Fabric faces together, place your second collar piece atop the first, lining up the corners. Sew along the top three edges, clip your seam allowance, turn right side out, and press.

Lastly, attach your lining layer to your blazer, fabric faces together. Sew around the lapels, center front, and hem, leaving the neckline open at the collar. Sew your lining to your sleeves, clip your seam allowances at all corners, and turn your garment right side out through the opening at the neckline. Press your garment, and slip-stitch your lining to the collar to complete.


Will you be giving The Zea Blazer a try? Tell me about your design plans in the comments below!

The post The Zea Blazer – Free Sewing Pattern appeared first on Mood Sewciety.

The Vallea Tunic – Free Sewing Pattern

I absolutely love fashion and the process of styling and getting dressed. Having that said, this is far from reality when trying to hustle two kids out of the house each morning! I’m usually left with 10 minutes to myself, scrambling to put something together that looks half decent. The Vallea Tunic free sewing pattern is perfect for days when you need to get dressed and go! Although this tunic will have you ready in a flash, you’ll also look fabulous. This simple longline tee has flattering side slits and an unexpected back detail allowing just the right amount of skin to peek through. I used Mood Fabrics’ vegan cupro which feels amazing all by itself. Try using one of Mood’s beautiful silk panels to bring your tunic to another level! Complete your look with jeans or a comfy pair of leggings. How do you plan on styling your tunic?

Free Tunic Sewing Pattern
Free Tunic Sewing Pattern

Purchase Materials Used Below:


Simply fill in the form below, verify your email address
and you’ll be sent a link to download our free Pattern.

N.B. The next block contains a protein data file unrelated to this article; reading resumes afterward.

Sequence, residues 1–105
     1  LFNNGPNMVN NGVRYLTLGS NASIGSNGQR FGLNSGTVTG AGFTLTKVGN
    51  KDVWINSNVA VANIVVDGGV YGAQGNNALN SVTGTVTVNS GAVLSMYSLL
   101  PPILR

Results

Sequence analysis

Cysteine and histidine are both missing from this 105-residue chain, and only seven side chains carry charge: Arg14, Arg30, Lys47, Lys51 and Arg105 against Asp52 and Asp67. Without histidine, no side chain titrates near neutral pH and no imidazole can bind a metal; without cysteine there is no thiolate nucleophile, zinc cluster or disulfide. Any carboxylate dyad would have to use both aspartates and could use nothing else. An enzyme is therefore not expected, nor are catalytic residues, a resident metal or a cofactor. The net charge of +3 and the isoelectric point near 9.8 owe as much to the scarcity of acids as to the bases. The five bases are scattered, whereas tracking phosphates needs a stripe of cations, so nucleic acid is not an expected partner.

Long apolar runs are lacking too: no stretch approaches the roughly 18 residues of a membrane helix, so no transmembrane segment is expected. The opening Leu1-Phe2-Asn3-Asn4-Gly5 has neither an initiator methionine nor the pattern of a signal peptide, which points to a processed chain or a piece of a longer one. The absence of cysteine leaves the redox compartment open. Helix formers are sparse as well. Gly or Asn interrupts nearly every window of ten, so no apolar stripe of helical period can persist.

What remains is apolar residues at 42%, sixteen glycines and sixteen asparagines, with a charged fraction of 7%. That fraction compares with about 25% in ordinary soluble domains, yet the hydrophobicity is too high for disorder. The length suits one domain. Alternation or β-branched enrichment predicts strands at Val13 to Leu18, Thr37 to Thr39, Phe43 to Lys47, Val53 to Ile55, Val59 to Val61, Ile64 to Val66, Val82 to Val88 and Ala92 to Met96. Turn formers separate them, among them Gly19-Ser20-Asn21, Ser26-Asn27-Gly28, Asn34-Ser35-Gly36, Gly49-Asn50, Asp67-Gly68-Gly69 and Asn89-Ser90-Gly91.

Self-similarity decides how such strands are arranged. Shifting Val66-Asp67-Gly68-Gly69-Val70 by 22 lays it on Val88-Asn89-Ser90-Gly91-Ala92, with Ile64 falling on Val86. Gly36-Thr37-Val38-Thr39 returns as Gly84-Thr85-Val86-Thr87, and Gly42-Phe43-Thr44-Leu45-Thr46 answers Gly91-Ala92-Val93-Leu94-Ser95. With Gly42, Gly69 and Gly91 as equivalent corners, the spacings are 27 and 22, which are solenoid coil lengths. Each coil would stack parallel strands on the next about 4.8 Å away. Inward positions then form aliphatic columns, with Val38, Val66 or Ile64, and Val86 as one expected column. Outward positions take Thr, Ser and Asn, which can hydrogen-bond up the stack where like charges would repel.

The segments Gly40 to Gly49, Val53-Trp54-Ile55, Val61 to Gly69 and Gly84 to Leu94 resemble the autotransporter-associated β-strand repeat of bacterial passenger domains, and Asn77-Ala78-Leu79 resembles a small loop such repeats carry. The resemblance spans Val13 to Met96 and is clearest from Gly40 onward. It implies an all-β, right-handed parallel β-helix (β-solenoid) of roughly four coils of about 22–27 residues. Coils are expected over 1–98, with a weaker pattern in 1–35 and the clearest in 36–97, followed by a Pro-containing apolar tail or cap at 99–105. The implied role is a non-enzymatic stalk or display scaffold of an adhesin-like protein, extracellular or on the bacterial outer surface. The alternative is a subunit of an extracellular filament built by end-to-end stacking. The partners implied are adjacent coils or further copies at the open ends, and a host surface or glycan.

Please wait…

All seam allowances are 1/2″ unless otherwise stated. See chart below for sizing specifications. Note, this specific pattern is available up to a size 30.

Mood Sewing Pattern Size Chart

Here’s how to sew:

Note: For best results, try using a French seam for this garment.

First, start by applying your fusible to the neck and back facings.

Sew facings together.

Using French seams, sew the front to the backs at the side and shoulder seams.

With right sides of the fabric together pin your facing to the neck and back opening. When you get to the back, mark the placement of your trim. Pin the trim sandwiched in between the facing as shown.

Clip into the neck curve. Turn and stitch the edges of the facing to finish.

Finish the center back seam.

Prepare the sleeves and set them in using a French seam. The sleeves were finished using stitch witchery.

Sew the sides seams and finish the bottom edge using a rolled hem stitch.

Press all seams nicely and you’re done!

Free Tunic Sewing Pattern
Free Tunic Sewing Pattern
Free Tunic Sewing Pattern
Free Tunic Sewing Pattern

The post The Vallea Tunic – Free Sewing Pattern appeared first on Mood Sewciety.

Blog of the Month: Censational Girl

This month I decided to change up my search for Blog of the
Month by doing my research via Pinterest. Typically I rely on Google to help me
find a crafty, fabric-loving blog each month. This month with a search of the
DIY pins on Pinterest I found an amazing blog run by a super crafty gal, Kate,
who also happens to be a fan of
(Thanks, Kate!). Kate’s blog, Censational Girl, is for the bargain hunters,